Skywalking has been promoted in the media as rooftopping, incorrectly. Urban exploration is not about taking silly risks with your life. Urban explorers take photographs, are careful as they explore, don't litter or vandalize and they make it home again to upload their photographs. Taking photographs is not to prove you were there, or show how much of a thrill seeker you are. The photos document the place you visited, not the fact that you, in particular, were there. Rooftopping is not performance art. Some explorers like to be underground in tunnels, drains and other types of big holes in the ground. Some (maybe the same people) like to be far above ground, to see everything from a new angle and look at all the city lights. The first rooftopping photo was taken in Toronto, Ontario. The photograph showed the city far below with the photographer's shoes hanging over the edge of the tall building they were sitting on. (Note, sitting on, not hanging or dangling from). If you enjoy dangling yourself from a crane join a circus or take up construction and learn how to do it safely. Have some care and respect for yourself and be here (relatively undamaged) for your own further adventures, tomorrow.
A threatened bird, the chimney swift, only stops flying to land on vertical perches inside hollow trees, chimneys of old buildings, abandoned wells, grain silos, air shafts, barns, sheds and derelict houses. The population is threatened due to habitat loss. Interesting as so much of their habitat has adapted to live alongside people. There are many animals living in urban environments but I hadn't heard of the chimney swifts before.
Do you have something you tell people when they ask you why you explore the old places? I can say a few words about history, a love for the old workmanship, etc. But, there is more to it. Things I don't put into words because they make me seem a sad and lonely person. I don't feel that way about myself. But, if my photographs are about preserving the past and feelings of things lost, fading and forgotten... I think that says something about me. It makes me seem needy, vulnerable. So, I don't have an answer for the question of why I explore, other than touching the surface about liking history. The email I've cut and pasted below was from 2011. I thought it would be easy to send a reply back, but I've never managed to answer the question without feeling vulnerable or lacking sincerity. I could have sent a fluff answer. But, I don't want to. Some day there will be nothing left of me but what I did, wrote or photographed. None of those things are permanent. My existence will slip through history, like most people. The least I can do is put integrity and honesty into the very little remnants there will be. I think about this still. The question I thought would be simple to answer, but isn't.
Thanks for sending the link. Your photos look wonderful. You've definitely got a better eye through the lens than I. I've spoken to a couple of environmental historians and the message seems to be the same. For your collection to be of use to a historian for research purposes, it would need extensive metadata about exactly where and when the photos were taken. Preferably following a standard metadata convension used by professional archivists (eg, Dublin Core http://dublincore.org/). The historians also believed that your collection is much more likely to be of interest to someone for research purposes in 30 or 40 years and that perhaps then the interest would be in you as a photographer interested in old buildings, as opposed to the contents of the photos themselves. Having said that, the photos are great and if you'd like to write a few paragraphs about why you've decided to take them and why you think it's important to preserve these types of buildings on film, we'd be happy to share the story and a link to your photos on our news feed. Our readers tend to have a keen interest in the past and how we can understand the past. Your knowledge of photography and preserving would certainly be worth understanding further. Let me know if you have any other questions or concerns. Sincerely, Adam Crymble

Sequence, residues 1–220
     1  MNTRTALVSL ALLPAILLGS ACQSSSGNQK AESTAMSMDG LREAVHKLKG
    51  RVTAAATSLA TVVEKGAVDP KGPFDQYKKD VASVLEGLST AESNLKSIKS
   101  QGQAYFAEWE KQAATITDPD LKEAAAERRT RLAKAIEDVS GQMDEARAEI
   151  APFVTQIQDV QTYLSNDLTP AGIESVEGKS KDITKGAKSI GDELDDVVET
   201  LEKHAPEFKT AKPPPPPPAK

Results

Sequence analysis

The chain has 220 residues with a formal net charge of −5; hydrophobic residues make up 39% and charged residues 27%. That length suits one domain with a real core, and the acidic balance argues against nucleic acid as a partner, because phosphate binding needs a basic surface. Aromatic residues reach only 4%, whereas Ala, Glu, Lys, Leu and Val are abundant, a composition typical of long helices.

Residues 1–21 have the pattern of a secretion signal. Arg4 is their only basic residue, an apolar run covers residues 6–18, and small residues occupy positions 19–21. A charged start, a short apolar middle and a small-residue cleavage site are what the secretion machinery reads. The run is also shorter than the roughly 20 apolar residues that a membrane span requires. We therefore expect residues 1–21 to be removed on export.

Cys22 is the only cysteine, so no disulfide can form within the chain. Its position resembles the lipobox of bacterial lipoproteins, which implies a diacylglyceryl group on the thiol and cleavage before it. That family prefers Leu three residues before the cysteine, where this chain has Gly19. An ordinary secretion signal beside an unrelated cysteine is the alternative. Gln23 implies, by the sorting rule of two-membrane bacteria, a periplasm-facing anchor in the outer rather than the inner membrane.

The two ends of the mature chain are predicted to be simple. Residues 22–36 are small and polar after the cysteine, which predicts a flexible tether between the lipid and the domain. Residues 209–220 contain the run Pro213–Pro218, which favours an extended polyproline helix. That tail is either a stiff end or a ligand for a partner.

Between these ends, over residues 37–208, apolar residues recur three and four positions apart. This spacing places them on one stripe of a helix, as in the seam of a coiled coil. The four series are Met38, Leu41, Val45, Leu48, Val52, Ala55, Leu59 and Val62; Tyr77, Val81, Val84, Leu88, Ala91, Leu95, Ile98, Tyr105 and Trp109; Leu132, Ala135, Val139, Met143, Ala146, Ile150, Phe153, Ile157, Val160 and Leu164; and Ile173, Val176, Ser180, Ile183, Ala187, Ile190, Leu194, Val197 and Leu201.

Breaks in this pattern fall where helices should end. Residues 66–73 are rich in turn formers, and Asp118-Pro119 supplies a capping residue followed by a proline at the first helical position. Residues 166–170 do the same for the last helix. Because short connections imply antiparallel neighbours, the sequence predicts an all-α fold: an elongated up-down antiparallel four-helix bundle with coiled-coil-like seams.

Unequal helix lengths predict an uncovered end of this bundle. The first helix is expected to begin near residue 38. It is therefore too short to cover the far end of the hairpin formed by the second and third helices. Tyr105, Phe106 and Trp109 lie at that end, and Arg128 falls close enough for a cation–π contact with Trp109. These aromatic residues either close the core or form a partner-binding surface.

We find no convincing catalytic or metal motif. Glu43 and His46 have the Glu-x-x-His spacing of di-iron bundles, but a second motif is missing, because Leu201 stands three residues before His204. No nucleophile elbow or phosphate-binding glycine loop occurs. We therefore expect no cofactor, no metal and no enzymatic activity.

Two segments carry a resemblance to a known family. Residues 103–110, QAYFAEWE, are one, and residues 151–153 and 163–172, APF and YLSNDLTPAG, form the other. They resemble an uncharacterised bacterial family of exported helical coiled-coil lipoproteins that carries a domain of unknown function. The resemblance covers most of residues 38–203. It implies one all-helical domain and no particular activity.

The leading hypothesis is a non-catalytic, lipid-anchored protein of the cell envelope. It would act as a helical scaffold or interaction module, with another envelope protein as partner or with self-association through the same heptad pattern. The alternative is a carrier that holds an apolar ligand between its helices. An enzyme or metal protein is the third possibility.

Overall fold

abandonedplaces via - Quora. How would you answer the question, for yourself or for others? It’s not so easy to pinpoint why I like abandoned places. I think this is the best I have done at trying to come up with a concrete answer that makes sense and isn’t too much on the flowery side.
Something between proving we have a history, the endurance of what we have created and the mystery and sadness of what has been left behind.
(Reposted from the screen capture because sometimes software mangles image files).
Found a nice quote on another lost urbex site. The direct link is hijacked by the Webring code. I found the site thanks to the Wayback Machine.
"It’s not about busting into businesses and bragging about trespassing. It’s about living a time that is rapidly disappearing, sinking under a new city. The undoctored past is a rare thing to have the privilege to experience, especially because this is not the past of kings or generals or millionaire mansions. This is the past of sewer and drain workers,  factory workers, builders, tunnelers – ordinary people who built the labyrinthine hive of humans, that maze of rooms and halls above ground and under that we know as – a city."
- Jacques urbanwanderers Source: Exploring The Twin Cities' Underground